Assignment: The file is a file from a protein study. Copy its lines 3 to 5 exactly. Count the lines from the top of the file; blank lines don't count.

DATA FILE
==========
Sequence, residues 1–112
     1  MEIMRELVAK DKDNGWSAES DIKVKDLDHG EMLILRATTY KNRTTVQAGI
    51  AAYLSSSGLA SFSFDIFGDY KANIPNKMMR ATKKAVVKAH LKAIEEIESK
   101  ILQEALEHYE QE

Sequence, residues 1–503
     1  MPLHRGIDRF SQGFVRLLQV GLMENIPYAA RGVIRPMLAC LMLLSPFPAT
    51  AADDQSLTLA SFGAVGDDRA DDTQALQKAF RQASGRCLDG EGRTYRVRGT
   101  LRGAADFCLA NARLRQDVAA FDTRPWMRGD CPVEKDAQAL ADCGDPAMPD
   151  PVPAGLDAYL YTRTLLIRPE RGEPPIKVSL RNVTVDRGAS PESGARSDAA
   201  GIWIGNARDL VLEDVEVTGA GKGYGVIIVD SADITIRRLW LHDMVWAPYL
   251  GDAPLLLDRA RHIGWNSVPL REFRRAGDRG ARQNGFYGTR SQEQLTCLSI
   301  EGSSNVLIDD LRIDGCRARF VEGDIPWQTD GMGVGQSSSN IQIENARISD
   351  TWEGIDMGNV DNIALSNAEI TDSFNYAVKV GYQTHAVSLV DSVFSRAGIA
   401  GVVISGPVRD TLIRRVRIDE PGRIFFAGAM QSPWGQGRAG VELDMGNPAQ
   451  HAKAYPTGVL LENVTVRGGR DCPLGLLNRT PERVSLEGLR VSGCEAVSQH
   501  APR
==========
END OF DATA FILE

    51  AAYLSSSGLA SFSFDIFGDY KANIPNKMMR ATKKAVVKAH LKAIEEIESK
   101  ILQEALEHYE QE

Sequence, residues 1–503